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What is Leavening?


In the first month, in the fourteenth day of the month, ye shall have the passover, a feast of seven days; unleavened bread shall be eaten. (Ezekiel 45:21)

Leaven is any agent that produces fermentation and causes dough to rise, by causing the formation of carbon dioxide gas to bubble into and spread throughout the dough. This is accomplished either chemically (as with baking soda) or biologically (as with yeast).


Leavening which has active yeast growing.

• Yeast (a single-celled fungi, used to leaven).
• Sourdough starter.

Are Leavening Agents Leaven?

Whether leavening agents by themselves (unmixed) are leaven, one must read the following and make up ones own mind.

In cooking, baking soda is primarily used in baking as a leavening agent. When it reacts with acid, carbon dioxide is released, which causes expansion of the batter and forms the characteristic texture and grain in cakes, quick breads, soda bread, and other baked and fried foods. The acid–base reaction can be generically represented as follows:

Acidic materials that induce this reaction include hydrogen phosphates, cream of tartar, lemon juice, yogurt, buttermilk, cocoa, and vinegar. Baking soda may be used together with sourdough, which is acidic, making a lighter product with a less acidic taste.

Heat can also by itself cause sodium bicarbonate to act as a raising agent in baking because of thermal decomposition, releasing carbon dioxide at temperatures above 180 °F, as follows:

When used this way on its own, without the presence of an acidic component (whether in the batter or by the use of a baking powder containing acid), only half the available CO2 is released. Additionally, in the absence of acid, thermal decomposition of sodium bicarbonate also produces sodium carbonate, which is strongly alkaline and gives the baked product a bitter, "soapy" taste and a yellow color. Since the reaction occurs slowly at room temperature, mixtures (cake batter, etc.) can be allowed to stand without rising until they are heated in the oven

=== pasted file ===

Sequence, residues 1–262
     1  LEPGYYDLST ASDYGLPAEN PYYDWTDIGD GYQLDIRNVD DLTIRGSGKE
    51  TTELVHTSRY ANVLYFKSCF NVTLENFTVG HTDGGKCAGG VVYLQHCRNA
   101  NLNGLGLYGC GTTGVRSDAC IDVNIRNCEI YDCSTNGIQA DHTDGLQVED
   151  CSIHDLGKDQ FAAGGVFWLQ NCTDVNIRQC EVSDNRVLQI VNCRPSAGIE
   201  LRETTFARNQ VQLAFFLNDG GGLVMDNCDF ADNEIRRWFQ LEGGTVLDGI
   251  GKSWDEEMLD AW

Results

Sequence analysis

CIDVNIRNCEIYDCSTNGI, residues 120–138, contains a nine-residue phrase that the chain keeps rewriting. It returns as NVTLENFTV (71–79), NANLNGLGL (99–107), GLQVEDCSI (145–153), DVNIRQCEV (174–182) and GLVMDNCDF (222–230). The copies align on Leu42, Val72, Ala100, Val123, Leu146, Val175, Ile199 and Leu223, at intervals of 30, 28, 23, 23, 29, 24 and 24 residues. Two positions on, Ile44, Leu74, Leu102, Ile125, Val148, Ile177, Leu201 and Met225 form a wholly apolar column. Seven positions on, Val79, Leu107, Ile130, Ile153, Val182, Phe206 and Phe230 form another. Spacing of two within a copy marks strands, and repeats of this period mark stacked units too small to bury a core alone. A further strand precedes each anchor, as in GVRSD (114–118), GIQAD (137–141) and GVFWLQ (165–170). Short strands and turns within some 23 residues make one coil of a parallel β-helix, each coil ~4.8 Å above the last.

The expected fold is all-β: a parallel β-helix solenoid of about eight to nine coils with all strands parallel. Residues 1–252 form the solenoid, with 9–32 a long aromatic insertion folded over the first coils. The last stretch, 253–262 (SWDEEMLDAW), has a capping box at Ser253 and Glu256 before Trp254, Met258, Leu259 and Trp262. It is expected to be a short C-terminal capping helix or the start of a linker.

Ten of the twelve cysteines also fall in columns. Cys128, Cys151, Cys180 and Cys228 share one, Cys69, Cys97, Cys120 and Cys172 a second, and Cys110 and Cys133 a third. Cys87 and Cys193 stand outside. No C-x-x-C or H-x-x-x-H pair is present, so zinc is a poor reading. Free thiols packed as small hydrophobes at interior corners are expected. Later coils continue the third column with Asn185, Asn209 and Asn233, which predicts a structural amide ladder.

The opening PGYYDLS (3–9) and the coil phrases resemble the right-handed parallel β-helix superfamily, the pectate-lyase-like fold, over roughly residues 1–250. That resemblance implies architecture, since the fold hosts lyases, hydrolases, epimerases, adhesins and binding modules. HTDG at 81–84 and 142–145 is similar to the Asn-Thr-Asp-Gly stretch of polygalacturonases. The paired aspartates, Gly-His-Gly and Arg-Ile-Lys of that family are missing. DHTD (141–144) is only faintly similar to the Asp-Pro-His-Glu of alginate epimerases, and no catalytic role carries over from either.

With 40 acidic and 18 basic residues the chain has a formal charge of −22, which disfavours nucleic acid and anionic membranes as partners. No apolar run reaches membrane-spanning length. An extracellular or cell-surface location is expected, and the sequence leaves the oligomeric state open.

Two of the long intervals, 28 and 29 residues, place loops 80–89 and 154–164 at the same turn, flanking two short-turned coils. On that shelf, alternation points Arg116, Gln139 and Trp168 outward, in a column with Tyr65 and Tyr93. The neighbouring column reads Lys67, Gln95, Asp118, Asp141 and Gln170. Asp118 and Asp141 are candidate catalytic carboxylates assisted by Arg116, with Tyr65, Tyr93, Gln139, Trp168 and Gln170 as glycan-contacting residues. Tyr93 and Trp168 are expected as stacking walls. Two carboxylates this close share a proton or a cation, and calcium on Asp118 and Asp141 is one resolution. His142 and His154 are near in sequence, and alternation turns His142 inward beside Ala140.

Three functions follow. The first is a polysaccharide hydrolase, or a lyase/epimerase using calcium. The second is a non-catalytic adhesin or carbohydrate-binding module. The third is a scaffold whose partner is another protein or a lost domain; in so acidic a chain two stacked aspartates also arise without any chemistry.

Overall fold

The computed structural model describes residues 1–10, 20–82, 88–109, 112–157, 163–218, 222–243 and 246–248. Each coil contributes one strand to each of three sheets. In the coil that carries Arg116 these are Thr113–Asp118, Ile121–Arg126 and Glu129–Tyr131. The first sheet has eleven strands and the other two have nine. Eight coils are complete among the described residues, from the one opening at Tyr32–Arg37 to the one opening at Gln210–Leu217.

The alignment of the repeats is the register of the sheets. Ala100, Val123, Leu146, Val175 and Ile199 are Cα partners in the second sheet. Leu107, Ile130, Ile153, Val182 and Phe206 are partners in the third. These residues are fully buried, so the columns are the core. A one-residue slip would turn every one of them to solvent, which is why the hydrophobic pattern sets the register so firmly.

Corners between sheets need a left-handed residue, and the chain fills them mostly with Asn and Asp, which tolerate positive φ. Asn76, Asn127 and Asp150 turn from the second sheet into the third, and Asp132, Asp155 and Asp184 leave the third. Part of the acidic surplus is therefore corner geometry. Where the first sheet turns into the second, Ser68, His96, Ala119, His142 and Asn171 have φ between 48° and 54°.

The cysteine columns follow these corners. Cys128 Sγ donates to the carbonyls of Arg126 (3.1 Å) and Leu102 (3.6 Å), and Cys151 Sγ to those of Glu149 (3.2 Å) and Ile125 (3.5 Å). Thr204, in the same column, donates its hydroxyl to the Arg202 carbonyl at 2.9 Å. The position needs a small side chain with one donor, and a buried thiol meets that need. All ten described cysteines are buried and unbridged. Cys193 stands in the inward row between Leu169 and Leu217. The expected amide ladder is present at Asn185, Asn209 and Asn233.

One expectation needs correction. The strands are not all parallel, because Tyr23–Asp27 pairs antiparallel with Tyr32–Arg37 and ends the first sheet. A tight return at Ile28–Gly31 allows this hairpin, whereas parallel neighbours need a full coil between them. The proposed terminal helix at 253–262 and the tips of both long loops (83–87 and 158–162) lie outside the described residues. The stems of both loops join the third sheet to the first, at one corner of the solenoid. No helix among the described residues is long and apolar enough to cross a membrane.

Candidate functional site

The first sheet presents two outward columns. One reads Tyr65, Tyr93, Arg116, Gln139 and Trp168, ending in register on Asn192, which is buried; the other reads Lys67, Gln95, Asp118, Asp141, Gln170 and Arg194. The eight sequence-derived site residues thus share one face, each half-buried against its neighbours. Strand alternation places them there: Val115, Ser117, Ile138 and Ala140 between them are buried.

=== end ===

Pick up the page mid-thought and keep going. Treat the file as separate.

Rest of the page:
• Baking Soda: a crystalline alkaline salt that gives off gas when an acid is added. 

The following are different types of baking soda:

• Sodium bicarbonate, also known as “Saleratus.”
• Potassium bicarbonate, or potash.
• Ammonium carbonate, or “baker’s ammonia.”
• Ammonium bicarbonate, also known as “hartshorn.”
• Baking Powder (baking soda + acid-forming ingredients + starch filler).

Not Leavening

* Autolyzed yeast: A yeast that has ‘self-destructed’ and is sterile – incapable of leavening.
* Brewers Yeast: A dead form of yeast that cannot leaven bread; a ‘nutritional’ yeast.
* Torula Yeast: A dead yeast that cannot leaven bread, considered a ‘nutritional’ yeast. Also hickory smoked torula yeast. Used as a savory seasoning that imparts smoky aroma to foods.
* Yeast extract(s): Derivatives of yeast, which are sterile and cannot leaven bread.
* Cream of Tartar: Tartaric acid – potassium bitartrate or potassium hydrogen tartrate. This is an acid used to combine with baking soda. By itself, this is not leavening.
* Tartrate powder: Phosphate powder or sulfate powder – usually added with cream of tartar. By itself this is not leavening.
* Alum: A metallic double salt, usually added with cream of tartar. Most common is sodium aluminum sulfate (SAS or sulfate powder), and potassium aluminum sulfate (or potash alum). By itself this is not leavening.

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